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AFP: Indian FM urges 'ambitious but fair' climate targets

Fri Jul 3, 7:08 am ET

India's foreign minister on Friday called for an ambitious but fair greenhouse gas reduction target under a new climate treaty, saying any pact should not hinder the economic growth of developing countries.

"We agreed that climate change is an important global challenge," Foreign Minister S.M. Krishna said in Tokyo after meeting his Japanese counterpart Hirofumi Nakasone during a four-day visit.

"We hope that all countries will participate constructively," he told a joint news conference.

However, Krishna stressed the need for "an ambitious and at the same time equitable and fair outcome at Copenhagen in 2009 which ensures that developing countries are able to continue their economic growth at an accelerated pace."

A December summit in the Danish capital is intended to secure a new international agreement on climate change to replace the Kyoto Protocol, which expires in 2012.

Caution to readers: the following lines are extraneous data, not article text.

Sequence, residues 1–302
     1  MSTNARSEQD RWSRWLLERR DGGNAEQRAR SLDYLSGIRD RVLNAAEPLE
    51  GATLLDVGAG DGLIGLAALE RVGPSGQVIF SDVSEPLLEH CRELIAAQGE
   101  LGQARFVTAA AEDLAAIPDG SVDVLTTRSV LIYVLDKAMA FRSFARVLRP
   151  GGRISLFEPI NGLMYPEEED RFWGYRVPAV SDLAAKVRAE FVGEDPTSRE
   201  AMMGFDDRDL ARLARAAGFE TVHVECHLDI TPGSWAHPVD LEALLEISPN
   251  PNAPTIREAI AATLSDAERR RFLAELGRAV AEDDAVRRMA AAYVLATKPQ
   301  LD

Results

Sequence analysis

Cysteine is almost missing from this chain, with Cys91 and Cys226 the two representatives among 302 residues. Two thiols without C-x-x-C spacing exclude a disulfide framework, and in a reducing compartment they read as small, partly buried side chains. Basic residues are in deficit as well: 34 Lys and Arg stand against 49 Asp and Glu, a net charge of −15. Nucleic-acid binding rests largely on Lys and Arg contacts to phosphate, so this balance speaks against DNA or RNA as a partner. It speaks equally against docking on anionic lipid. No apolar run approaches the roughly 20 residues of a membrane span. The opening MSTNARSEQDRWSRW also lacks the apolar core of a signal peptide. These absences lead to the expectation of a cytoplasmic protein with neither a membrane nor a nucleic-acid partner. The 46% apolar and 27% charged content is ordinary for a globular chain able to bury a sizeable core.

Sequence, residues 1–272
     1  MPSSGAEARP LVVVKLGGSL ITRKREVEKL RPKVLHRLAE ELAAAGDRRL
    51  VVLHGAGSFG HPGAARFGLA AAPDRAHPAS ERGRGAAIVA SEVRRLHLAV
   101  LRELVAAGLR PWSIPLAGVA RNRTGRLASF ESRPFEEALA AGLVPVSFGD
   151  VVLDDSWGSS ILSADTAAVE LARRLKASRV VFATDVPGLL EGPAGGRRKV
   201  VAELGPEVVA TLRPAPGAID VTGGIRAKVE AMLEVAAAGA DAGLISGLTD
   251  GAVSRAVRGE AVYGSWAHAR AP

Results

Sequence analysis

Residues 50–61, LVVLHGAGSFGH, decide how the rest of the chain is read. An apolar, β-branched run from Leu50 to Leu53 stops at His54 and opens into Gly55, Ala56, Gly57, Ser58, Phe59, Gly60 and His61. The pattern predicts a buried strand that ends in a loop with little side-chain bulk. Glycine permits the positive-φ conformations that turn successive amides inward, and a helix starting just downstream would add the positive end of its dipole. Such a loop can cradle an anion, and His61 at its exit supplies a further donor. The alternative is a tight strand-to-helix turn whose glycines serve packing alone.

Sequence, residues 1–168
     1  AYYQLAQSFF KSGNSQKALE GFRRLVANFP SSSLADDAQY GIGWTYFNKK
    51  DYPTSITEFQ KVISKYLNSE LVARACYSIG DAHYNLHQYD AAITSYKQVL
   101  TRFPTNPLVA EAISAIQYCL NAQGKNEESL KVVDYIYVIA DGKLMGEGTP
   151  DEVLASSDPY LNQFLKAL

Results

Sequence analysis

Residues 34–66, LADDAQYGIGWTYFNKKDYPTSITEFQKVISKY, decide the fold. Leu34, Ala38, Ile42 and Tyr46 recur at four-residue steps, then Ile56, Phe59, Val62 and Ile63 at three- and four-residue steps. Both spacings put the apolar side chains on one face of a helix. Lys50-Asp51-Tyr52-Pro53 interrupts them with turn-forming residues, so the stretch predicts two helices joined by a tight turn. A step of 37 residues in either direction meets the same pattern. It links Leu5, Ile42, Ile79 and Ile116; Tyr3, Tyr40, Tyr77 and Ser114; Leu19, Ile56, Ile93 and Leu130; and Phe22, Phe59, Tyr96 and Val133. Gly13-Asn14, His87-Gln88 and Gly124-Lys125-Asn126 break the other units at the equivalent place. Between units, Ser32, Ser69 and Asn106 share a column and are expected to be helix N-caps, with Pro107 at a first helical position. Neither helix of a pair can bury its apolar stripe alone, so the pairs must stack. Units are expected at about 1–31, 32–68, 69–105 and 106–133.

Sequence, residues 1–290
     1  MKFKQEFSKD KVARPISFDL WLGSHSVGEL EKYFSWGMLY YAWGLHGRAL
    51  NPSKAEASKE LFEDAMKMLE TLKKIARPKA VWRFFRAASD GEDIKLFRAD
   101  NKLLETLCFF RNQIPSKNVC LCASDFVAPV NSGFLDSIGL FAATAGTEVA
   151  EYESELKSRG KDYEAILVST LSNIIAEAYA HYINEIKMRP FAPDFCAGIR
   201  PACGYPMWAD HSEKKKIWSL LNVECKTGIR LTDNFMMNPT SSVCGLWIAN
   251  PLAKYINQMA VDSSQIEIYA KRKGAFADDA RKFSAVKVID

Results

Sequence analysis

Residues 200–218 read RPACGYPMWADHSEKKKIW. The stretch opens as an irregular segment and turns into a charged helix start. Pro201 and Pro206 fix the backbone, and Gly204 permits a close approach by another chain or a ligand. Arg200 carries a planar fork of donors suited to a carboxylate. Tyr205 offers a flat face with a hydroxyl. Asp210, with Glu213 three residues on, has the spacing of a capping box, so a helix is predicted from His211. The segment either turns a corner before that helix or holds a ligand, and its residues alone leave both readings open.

India -- like fellow developing heavyweight China -- has refused to commit to emission cuts in the new treaty until developed nations, particularly the United States, present sufficient targets of their own.

Nakasone called on India to take the lead in persuading developing countries to join the new treaty.

"I expressed my hope and expectations for India to exercise its leadership even more positively and comprehensively," he said. "The minister and I shared the view that we should step up our bilateral dialogue on this issue."

Japan last month said it plans to cut its own greenhouse gas emissions by the equivalent of eight percent from 1990 levels by the end of the next decade, a goal attacked as too little by environmentalists.

The two foreign ministers also agreed that the world should step up pressure on North Korea by implementing UN sanctions over its nuclear weapons and missile tests.